Furthermore, it is often necessary to pull the screen that has been set in the well; and this frequently becomes impossible, due to the packing of the mud, sand, etc., about the screen. Obviously, if it were possible to pump water or oil around the outside of the screen, the pressure on the screen would be relieved and it could be pulled; but it is impossible to do this with 'the old standard back pressure valve rendered inoperative from any one of numerous causes, a few of which have been outlined above.
The purpose of the present invention is to provide a valve mechanism which will overcome all of the above mentioned diiiiculties, and others well known to those skilled in the art to which this invention appertains.
The invention will now be described in detail, reference being had to the accompanying drawings, in which: f
Figure 1 is a vertical sectional view of the Vlower portion of a well.
Figure 2 is a vertical sectional view of my improved valve mechanism, the back pressure valve being in open position; and
Figure 3 is a similar view through the apparatus, showing the back pressure valve in closed position, the wash pipe and nozzle being shown in elevation.
Referring to the drawings more in detail, numeral l indicates the lower end of the usual well casing. Numeral 2 indicates the valve casing, whlch is equivalent of the ordinary mud nipple, and which is attached at its upper end to the lower end of the screen 3; the screen being connected to the liner 4 which extends up into the casing in the usual manner.
The valve is referred to by numeral 5, and it is provided with a valve stem 6 slidably mounted in the valve stem guide 7. A member 8 is also mounted in the valve casing, and the upper side of this member is provided with a valve seat'9, while the lower side thereof is provided with a second valve seat 10. rllhe valve 5 is normally pressed upward against its seat 10 by means of a coil spring l1 mounted on the valve stem 6.
The usual wash pipe is indicated by numeral 12, and mounted on the lower end thereof is a nozzle 13 having apertures 14 for the passage of water or oil; and also provided with a tapering shoulder .15 which is adapted to engage the upper valve seat 9. The member 8 is provided with a centrally arranged passage 16 to permit the nozzle 13 to pass therethrough and engage the valve 5, for a purpose to appear heremafter.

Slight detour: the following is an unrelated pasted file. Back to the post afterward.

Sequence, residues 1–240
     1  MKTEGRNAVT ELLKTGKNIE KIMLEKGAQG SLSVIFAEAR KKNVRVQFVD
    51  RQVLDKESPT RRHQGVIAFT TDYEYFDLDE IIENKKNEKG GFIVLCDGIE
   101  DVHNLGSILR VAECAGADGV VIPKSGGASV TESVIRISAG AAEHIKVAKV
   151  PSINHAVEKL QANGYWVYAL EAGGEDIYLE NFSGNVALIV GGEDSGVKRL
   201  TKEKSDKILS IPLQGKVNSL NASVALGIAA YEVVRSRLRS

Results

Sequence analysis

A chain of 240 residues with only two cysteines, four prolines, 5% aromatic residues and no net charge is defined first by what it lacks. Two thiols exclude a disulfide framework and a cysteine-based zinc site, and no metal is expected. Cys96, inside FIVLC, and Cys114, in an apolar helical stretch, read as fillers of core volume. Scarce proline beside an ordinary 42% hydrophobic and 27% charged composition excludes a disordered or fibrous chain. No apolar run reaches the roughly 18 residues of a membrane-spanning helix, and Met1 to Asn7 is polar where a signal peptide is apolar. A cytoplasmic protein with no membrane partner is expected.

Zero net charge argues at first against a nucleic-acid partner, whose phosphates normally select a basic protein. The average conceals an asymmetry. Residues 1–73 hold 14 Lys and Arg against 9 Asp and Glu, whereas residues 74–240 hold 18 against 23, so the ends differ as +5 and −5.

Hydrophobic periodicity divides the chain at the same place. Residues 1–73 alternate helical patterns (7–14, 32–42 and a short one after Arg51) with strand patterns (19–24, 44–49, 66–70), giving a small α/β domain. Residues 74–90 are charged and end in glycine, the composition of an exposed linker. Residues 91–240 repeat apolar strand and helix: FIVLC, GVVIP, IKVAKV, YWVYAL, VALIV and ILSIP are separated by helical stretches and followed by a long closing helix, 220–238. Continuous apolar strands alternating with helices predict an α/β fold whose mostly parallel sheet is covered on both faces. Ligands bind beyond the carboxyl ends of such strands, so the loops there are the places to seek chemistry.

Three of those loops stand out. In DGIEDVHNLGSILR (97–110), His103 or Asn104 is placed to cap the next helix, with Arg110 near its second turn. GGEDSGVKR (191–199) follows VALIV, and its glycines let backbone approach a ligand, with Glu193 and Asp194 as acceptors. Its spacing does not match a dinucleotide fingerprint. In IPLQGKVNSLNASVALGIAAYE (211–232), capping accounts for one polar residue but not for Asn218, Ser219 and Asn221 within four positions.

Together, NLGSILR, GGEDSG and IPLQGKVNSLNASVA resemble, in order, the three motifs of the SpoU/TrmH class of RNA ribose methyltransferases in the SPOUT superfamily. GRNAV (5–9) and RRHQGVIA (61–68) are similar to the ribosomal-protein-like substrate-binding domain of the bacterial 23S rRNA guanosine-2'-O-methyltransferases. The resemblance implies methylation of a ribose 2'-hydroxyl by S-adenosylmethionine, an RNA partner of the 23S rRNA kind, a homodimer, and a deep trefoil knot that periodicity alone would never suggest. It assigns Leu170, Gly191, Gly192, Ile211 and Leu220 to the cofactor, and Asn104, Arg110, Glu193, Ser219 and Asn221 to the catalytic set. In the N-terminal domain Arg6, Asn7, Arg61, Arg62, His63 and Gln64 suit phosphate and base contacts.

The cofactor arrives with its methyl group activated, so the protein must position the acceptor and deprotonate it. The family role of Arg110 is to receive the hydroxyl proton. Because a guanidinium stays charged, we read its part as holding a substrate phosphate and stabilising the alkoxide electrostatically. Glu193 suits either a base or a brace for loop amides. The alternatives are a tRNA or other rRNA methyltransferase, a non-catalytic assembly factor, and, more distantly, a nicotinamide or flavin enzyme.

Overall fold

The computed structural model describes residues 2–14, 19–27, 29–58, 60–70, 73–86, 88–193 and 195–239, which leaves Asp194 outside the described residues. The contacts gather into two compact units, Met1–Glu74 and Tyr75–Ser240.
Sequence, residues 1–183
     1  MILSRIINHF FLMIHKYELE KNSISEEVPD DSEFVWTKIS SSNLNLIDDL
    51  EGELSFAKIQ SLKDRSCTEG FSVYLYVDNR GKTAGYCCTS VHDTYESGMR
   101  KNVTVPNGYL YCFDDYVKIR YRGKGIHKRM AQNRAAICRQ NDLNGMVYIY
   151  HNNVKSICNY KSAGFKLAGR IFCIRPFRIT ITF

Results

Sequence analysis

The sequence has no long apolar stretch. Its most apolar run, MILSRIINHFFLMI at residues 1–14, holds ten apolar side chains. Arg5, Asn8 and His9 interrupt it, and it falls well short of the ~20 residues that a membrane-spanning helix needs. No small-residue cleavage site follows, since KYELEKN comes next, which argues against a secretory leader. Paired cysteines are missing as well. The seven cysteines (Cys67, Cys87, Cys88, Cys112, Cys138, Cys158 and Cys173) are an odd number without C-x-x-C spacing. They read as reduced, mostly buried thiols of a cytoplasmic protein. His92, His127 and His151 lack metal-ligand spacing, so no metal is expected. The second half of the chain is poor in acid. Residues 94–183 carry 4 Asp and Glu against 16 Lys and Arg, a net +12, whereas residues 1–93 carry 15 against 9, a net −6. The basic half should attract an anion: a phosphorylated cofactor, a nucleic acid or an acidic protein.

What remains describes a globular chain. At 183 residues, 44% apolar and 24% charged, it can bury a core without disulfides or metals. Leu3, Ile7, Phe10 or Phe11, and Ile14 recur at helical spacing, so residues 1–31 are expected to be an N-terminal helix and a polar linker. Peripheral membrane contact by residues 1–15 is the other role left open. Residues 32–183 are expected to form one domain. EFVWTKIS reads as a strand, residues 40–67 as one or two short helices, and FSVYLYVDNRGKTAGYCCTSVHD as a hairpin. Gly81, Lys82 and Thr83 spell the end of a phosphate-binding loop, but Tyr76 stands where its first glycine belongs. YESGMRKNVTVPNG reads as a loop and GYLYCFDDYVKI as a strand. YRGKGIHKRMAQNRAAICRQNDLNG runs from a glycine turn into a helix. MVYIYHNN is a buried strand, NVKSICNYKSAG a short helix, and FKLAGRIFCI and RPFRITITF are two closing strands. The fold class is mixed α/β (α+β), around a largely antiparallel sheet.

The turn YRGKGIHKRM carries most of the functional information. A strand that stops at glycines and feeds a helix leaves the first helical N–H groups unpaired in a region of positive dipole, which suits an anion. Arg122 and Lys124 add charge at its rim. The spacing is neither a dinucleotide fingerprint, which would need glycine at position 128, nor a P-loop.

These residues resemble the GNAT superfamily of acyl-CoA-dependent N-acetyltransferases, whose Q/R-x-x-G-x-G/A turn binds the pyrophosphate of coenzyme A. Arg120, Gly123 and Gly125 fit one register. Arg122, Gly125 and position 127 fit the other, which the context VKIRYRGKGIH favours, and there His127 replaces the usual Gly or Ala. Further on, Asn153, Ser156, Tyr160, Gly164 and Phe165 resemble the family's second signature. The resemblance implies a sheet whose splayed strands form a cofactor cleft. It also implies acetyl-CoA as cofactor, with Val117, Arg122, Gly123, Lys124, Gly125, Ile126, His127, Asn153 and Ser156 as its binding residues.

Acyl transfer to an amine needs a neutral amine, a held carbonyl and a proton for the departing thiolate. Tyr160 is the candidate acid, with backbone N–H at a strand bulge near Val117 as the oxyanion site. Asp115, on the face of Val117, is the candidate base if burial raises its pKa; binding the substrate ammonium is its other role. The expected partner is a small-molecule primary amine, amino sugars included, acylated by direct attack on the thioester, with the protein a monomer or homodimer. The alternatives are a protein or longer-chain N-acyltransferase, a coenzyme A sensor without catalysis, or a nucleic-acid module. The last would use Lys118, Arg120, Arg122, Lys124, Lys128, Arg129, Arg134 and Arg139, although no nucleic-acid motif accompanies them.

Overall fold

In the operation of setting a well, with the apparatus disclosed herein, the liner, screen and wash pipe are run into the well in the usual manner, but the wash' pipe which carries the nozzle 13 is so positioned that the nozzle extends through the central bore of the member 8, engages the valve 5 and forces it'to open position, as clearly shown in Figure 2. It is thus apparent that as the parts are lowered into the well the baclepressure valve is open and the mud is free to pass through the opening 14 into the wash pipe, thus equalizing the pressure on the valve, and eliminating the necessity of filling the screen and liner with mud, as in the prior practice. In my construction the back pressure valve is maintained in open position by the nozzle of the wash pipe as the parts are lowered into the hole, thus permitting a thorough washing of the well. When the nozzle is in its operative position, as shownfin Fi ure 2, the inclined shoulder 15 of the nozz e engages the up er valve seat 9, thereby avoiding any loss o vpressure in washin the well due to water from the wash pipe acking up into the liner.
After the well has been washed the wash pipe is raised, as shown in Figure 3, whereupon the valve 5 automatically closes itself by means of the spring 11.
It is to be noted that my valve mechanism cannot be rendered inoperative by reason of encounterin mud, sand, stone, etc., at the bottom of t e well. For the valve is positively held open when the parts are lowered into the hole, and when the wash pipe is withdrawn the valve will merel move upwardly into the space previousy occupied by the nozzle of the wash pipe, and thus there is nothing to prevent the proper functioning of the valve.
It is also to be noted that the present mechanism presents a ready means for assisting in the pulling of screens. If with the present device the operator makes an unsuccessful test and wishes to pull his screen, he can lowerl the wash pipe and nozzle into the well, allowing the nozzle to set down on the valve and force it open, thus allowin water or oil to be forced down the well an out around the screen, thereby relieving it of 'pressure and permitting its withdrawal.
In accordance with the patent statutes, I have described what I now believe to be the best embodiment of the invention, but I do not wish to be understood thereby as limiting myself or the scope of the invention, as many chan es and modifications may be made without departing from the spirit of the invention; all such I aim to include in the scope of the appended claims.